After months of releasing mostly male-centric editions, we’re taking the testosterone way down to focus on one of life’s most puzzling enigmas—Girls. Chapter 59’s recent release features some of our favorite female personalities, all of whom we believe embody the idea of ‘modern feminism’— in other words, women who do exactly what they want, how they want, and make no excuses for it.

But why stop at the book? We want to continue the celebration of women making an impact, so we’re introducing you a new segment: Femme of the Month, where we’ll be highlighting women who deserve the spotlight.

High school was a painful time. Any part of your life, for that matter, devoured by hormones and crushes can be especially painful to remember, where you find yourself closing your eyes so tight that your face will cave in and you think you might swallow your eyes. High school represents years spent crawling out of the skin you’re now starting to shed, with your childhood running away. Kids are being replaced with teenagers; these sexual deviants with a long list of characteristics reading like Santa’s naughty list: nicorette habits, eating drugs, and playing hooky with the person you once were.

All these awkward memories came flooding back after coming into contact with Polly Nor’s Instagram—a slideshow of nakedness at its core. Her body of work tackles the double edged sword of the human id—am I a bad person with good intentions, or a good person with a deviant side? And who can tell I’m lying? It’s this very reason why we love Polly—her illustrations force us to sit in self-reflection, and for just a moment, we start to think we matter and that our existence isn’t fundamentally trash. Then we remember that awkward hook-up in 9th grade.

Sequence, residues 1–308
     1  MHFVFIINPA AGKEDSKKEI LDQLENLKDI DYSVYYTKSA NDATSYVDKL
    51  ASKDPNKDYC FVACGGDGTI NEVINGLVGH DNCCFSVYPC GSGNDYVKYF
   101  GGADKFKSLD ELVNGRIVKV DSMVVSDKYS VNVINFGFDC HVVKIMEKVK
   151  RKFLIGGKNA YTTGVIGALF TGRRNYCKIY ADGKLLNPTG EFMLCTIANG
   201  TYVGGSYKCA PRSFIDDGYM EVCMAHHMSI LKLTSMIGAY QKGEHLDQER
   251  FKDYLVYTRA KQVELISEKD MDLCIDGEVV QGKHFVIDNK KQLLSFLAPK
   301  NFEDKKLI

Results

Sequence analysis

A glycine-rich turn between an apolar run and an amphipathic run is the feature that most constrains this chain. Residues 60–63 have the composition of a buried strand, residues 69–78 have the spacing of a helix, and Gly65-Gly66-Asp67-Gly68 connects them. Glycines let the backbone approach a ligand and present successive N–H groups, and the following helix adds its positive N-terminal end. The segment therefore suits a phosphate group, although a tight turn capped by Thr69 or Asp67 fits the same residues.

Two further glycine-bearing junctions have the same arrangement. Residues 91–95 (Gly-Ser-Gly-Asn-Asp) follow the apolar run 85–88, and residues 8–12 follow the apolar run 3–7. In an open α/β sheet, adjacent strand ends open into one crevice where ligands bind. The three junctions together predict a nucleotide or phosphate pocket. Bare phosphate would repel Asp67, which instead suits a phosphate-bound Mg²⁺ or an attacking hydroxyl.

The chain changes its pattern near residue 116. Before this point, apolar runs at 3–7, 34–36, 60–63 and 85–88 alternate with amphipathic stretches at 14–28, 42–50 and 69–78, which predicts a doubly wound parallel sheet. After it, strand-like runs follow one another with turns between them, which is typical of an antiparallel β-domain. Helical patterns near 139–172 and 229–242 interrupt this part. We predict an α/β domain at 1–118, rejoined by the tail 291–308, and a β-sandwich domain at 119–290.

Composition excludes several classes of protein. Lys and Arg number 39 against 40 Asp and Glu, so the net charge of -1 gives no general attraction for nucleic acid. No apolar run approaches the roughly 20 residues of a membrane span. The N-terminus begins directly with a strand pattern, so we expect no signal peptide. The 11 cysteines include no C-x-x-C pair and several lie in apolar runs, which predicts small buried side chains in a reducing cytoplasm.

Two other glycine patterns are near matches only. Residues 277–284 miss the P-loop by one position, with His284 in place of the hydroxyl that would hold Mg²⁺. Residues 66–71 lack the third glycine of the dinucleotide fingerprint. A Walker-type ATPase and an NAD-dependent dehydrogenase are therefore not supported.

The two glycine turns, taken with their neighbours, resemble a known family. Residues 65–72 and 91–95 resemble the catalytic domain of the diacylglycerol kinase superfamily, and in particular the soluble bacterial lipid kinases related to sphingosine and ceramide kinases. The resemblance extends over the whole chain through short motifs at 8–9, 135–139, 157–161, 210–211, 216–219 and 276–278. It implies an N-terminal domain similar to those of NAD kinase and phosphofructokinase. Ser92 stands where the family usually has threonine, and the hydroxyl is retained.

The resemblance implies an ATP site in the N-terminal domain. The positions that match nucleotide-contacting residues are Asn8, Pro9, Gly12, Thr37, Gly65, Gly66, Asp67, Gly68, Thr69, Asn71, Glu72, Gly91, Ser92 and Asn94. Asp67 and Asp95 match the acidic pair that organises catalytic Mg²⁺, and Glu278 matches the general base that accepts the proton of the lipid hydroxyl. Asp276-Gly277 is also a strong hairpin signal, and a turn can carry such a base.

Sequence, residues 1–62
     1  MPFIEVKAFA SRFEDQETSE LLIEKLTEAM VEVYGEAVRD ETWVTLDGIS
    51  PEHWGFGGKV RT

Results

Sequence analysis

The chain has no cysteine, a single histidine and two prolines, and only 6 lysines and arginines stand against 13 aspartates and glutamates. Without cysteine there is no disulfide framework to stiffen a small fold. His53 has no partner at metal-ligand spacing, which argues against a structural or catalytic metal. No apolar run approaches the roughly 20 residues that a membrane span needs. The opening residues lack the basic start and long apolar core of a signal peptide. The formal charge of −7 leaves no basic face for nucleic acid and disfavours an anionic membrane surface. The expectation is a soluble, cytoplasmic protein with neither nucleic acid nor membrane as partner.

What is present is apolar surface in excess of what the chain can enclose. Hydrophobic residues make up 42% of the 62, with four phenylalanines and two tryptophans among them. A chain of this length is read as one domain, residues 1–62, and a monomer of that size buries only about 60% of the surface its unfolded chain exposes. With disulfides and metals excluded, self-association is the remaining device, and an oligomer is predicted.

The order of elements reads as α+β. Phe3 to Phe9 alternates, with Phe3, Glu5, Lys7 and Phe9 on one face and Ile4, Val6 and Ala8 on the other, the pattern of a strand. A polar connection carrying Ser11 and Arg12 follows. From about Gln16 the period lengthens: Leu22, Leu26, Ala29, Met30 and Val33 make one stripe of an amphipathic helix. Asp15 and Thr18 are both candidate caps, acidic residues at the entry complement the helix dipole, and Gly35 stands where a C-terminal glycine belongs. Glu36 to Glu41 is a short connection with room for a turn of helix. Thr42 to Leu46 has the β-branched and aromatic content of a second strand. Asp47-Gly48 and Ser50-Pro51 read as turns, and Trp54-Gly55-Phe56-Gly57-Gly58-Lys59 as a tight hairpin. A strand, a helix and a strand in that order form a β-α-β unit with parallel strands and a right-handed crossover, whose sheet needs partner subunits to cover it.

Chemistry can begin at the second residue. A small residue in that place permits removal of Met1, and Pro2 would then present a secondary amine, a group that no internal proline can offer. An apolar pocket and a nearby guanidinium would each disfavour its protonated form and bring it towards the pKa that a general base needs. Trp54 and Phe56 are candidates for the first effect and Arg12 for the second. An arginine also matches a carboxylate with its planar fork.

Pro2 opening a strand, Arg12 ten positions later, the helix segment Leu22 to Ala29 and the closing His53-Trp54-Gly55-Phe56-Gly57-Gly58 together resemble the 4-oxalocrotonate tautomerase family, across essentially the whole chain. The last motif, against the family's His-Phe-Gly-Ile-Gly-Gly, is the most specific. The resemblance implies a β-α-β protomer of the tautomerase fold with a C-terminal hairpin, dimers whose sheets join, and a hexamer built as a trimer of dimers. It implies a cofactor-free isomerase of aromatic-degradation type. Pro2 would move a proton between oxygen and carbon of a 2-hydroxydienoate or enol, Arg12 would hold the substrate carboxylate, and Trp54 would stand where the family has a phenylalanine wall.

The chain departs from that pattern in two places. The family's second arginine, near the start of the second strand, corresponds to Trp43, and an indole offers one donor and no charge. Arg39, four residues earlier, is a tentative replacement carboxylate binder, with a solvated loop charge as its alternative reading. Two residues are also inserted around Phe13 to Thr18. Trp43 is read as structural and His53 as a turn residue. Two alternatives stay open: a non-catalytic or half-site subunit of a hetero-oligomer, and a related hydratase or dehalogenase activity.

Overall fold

It’s no question that we’ve chosen Polly Nor as our FRANK Femme of the Month. Apart from illustrating some of our inner demons, she also uses her work to hint at some of the designers and artists we look up to, like Supreme, Wu Tang, and Keith Haring. Take a look at the artist’s interview below, and the brilliant work that coincides.

Instagram: @pollynor
Twitter: @pollynor

Tell us a bit about yourself 
I am 26 years old.  I was born and raised in London.

How has your hometown played a part in your illustrations?
I have never really thought about that before. Well, a lot of my work has been influenced by conversations with girls that I have grown up with here in London. So I guess my environment will have subconsciously played some part in my illustrations. I’m also lucky enough to have grown up in a place like London with a decent art scene. There is always new stuff going on.